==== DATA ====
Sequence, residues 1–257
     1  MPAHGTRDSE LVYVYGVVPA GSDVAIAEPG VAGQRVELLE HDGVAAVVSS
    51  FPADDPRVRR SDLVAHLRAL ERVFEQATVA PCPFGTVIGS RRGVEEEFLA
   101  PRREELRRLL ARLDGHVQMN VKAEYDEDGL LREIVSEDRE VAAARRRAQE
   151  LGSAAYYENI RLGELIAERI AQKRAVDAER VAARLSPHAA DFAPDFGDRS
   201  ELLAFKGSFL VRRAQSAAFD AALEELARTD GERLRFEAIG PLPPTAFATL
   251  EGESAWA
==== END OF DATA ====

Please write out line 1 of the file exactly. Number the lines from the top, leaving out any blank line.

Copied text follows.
Sequence, residues 1–257